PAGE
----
In today’s Autumn budget, North East health campaigners are calling on greater tax on alcohol and tobacco.
Fresh and Balance want to see companies pay for the damage that they cause, including money from their profits to the NHS.
It comes as pooled estimates show they together cost the region more than 1.6 billion pounds every year.
Ailsa Rutter is the director of Fresh, who want to see an increase in the price of cigarettes:
Balance are calling for a minimum unit price and end alcohol duty cuts which harm pubs and make supermarket booze even cheaper.
Susan Taylor is Balance’s partnerships manager:
Alcohol cost the region £1.01bn in 2015-16 and tobacco £613m in 2017 through NHS costs, GP appointments, hospital admissions, crime and disorder, sickness, absenteeism and lost productivity among staff working for North East employers, and social services support for families affected by tobacco and alcohol issues.
Balance, the North East alcohol office, and the Alcohol Health Alliance are calling for an end to alcohol tax breaks to ease the pressure on the NHS, police and other public services. They are calling for an increase in alcohol duty – 2% above inflation – and to follow Scotland by introducing alcohol Minimum Unit Pricing (MUP).
Fresh is supporting a call from Action on Smoking and Health and the UK Centre for Tobacco & Alcohol Studies to increase tobacco tax from 2% to 5% above inflation and to increase hand rolling tobacco by 15% above inflation. This is also calling for a levy on tobacco manufacturers to pay more for the harm caused by smoking and help further cut smoking rates.
Successive alcohol duty cuts from 2013 -14 to 2018-19 have already cost the Treasury around £4bn, with government estimates of the cost rising to £8.3bn by 2022-23. This much-needed money could fund 34 million emergency ambulance call outs, 530,000 social care packages for older people or 60 million hospital outpatient appointments.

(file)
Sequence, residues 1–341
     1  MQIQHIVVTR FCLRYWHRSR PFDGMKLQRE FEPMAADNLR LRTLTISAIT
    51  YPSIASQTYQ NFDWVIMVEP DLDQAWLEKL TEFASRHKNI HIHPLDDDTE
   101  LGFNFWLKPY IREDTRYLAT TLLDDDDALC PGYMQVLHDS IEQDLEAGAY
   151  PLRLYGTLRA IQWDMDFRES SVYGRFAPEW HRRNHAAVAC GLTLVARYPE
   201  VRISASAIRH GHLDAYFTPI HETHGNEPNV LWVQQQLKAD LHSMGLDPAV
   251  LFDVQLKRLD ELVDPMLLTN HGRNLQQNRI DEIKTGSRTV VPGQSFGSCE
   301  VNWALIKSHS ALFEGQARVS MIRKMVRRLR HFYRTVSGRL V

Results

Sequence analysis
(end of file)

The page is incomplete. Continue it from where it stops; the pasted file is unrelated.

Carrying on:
Colin Shevills, Director of Balance the North East Alcohol Office, said:
“Cheap alcohol continues to wreak immense damage and places a huge burden on communities in the North East, the NHS and public services. All of us are paying for it and with an NHS under pressure; we just cannot afford any more alcohol duty cuts.”
“Duty cuts on alcohol are often presented as a high profile measure to help pubs, but research shows they actually accelerate the shift towards cheap supermarket alcohol, putting pubs more at risk. A survey of North East pub landlords found cheap supermarket booze, rather than alcohol taxes, is the main reason they blame for pubs closing, and few landlords have seen any benefit from tax cuts in alcohol duty over recent years.”
“The government needs to bring alcohol harms under control and introduce a range of targeted, evidence based measures, such as increasing the tax on alcohol and minimum unit pricing. These measures would save lives, cut crime, reduce hospital admissions and lessen the financial pressures that alcohol places on public services.”
Philip Hammond is expected to announce a 1.5 billion pound boost for the high street in today’s Budget.
The Chancellor’s likely to cut business rate bills by a third for almost half a million small retailers.
He’ll probably keep fuel duty frozen – and it’s reported he could bring forward income tax cuts.
Responding to the announcements from the Chancellor in the Budget today, Colin Shevills, the Director of Balance, the North East Alcohol Office said:
“The Chancellor’s decision to yet again freeze alcohol duty means that £9bn will have been lost to The Treasury between 2012 and 2023. That is money which could have been invested in the NHS and other emergency services which have to deal with the problems caused by cheap alcohol.
“Communities across the North East suffer some of the greatest harms caused by alcohol and this will make things even worse. What’s more, that harm is greatest amongst our most vulnerable groups.
“The time has come for serious action and we call on the Government to follow the example of our Scottish neighbours and introduce a minimum unit price for alcohol which would save lives, cut crime, reduce hospital admissions and save millions of pounds for our emergency services.”